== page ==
Second, in addition to wanting to be in a relationship generally, both people must be interested in having a romantic relationship with each other. For some people, casual sex is a way to meet sexual needs while waiting for the right person to come along--and their current friend-with-benefits is just not the right person. And for some people, casual sex is a trial period before committing to a romantic relationship. Even though you initially thought you might be interested in dating your hookup partner, the more time you spend together the more you realize that it wouldn’t work out.
Mutual romantic desire can be difficult to attain in a casual sexual relationship, especially when people have different goals or when there is little or no communication between partners. For this reason, it’s uncommon for casual sexual relationships to transition into committed relationships. Although 30-60% of individuals go into their hookups with the hope of having a romantic relationship (see above), one study of college students found that only 12% of people who had ever hooked up indicated that a hookup had evolved into a romantic relationship (Paul, McManus, & Hayes, 2000).
So is it okay to go into a hookup hoping for something more?
Well, the stats say that you probably won’t be successful. But remember, researchers still know relatively little about all of the factors that lead to transitions between casual and committed sexual relationships. It’s totally possible that you and your partner have the all of the ingredients for a romantic relationship, and a casual fling is the recipe for turning those ingredients into happily-ever-after. What’s more, if you do end up moving from something casual to a committed romantic relationship, there is limited evidence to suggest that relationships that started out as nonromantic are any better or worse than relationships that were romantic from the beginning (Owen & Fincham, 2012).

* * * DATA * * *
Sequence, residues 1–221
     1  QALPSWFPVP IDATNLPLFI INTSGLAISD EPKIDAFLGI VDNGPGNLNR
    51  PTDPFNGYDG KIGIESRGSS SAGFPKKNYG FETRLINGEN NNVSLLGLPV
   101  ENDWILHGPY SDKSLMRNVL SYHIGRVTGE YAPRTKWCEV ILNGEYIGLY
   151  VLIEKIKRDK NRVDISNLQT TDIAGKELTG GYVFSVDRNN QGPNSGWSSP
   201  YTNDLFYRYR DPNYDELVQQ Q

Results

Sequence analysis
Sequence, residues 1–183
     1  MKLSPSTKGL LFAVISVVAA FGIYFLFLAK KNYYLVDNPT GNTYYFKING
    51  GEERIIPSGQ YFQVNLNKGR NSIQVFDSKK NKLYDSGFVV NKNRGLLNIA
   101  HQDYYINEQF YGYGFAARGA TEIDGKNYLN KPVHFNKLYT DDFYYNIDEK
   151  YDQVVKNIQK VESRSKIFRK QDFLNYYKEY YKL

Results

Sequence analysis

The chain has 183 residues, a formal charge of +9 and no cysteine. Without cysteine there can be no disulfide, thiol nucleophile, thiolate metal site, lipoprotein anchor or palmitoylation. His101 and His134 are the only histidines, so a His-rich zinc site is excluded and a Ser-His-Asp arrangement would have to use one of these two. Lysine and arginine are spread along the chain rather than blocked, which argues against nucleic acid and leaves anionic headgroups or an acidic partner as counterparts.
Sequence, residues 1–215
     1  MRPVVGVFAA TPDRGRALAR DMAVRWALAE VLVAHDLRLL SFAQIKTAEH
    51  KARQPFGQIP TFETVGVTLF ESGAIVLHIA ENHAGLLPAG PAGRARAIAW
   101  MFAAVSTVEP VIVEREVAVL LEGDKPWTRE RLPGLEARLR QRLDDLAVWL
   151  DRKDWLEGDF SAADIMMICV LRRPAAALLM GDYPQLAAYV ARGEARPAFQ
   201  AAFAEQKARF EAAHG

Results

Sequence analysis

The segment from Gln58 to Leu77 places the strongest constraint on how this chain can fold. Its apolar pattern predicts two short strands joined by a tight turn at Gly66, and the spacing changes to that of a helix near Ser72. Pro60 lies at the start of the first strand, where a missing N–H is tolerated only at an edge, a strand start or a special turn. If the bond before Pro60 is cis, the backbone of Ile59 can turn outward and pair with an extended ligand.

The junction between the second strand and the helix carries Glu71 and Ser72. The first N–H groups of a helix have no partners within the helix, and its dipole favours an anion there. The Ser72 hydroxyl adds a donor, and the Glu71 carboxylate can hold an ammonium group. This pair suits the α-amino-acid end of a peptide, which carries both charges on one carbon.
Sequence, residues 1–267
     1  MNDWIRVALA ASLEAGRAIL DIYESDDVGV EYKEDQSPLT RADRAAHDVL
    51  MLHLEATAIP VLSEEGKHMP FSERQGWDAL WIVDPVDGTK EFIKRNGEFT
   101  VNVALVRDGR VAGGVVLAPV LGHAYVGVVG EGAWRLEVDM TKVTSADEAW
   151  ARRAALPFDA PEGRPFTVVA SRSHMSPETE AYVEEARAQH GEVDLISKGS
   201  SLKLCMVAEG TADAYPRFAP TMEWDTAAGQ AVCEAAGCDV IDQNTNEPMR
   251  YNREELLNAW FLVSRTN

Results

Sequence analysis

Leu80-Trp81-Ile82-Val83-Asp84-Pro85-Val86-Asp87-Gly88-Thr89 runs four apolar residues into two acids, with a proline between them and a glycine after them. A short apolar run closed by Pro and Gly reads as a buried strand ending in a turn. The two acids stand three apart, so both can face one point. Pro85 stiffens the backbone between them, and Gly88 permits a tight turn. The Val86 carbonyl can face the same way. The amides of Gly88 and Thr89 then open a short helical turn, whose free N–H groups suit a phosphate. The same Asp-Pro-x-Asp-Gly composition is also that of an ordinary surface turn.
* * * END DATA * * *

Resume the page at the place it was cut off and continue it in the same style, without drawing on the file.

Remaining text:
So trying to turn your hookup into your boyfriend/girlfriend may be a foolhardy strategy, given the low likelihood of success. But if you’re not intimidated by the bleak statistics and think you have a shot at turning the person you are boning into your long-term love, then go right on ahead, and may the odds be ever in your favor.
Bisson, M. A., & Levine, T. R. (2009). Negotiating a friends with benefits relationship. Archives of Sexual Behavior, 38, 66-73.
Garcia, J. R., & Reiber, C. (2008). Hook-up behavior: A biopsychosocial perspective. Journal of Social, Evolutionary, and Cultural Psychology, 2, 192-208.
Lehmiller, J. J., VanderDrift, L. E., & Kelly, J. R. (2011). Sex differences in approaching friends with benefits relationships. Journal of Sex Research, 48, 275-284.
Manning, W. D., Giordano, P. C., & Longmore, M. A. (2006). Hooking up: The relationship contexts of “nonrelationship” sex. Journal of Adolescent Research, 21, 459-483.
Owen, J., & Fincham, F. D. (2012). Friends with benefits relationships as a start to exclusive romantic relationships. Journal of Social and Personal Relationships, 29, 982-996.
Paul, E. L., McManus, B., & Hayes, A. (2000). “Hookups”: Characteristics and correlates of college students' spontaneous and anonymous sexual experiences. Journal of Sex Research, 37, 76-88.
Wesche, R., Claxton, S. E., Lefkowitz, E. S., & van Dulmen, M. H. M. (2017). Evaluations and future plans after casual sexual experiences: Differences across partner type. Journal of Sex Research. Advance online publication. doi: 10.1080/00224499.2017.1298714
I am a developmental researcher focusing on relationships and health in adolescence and young adulthood. My goal is to enable people to have healthy, fulfilling sexual relationships.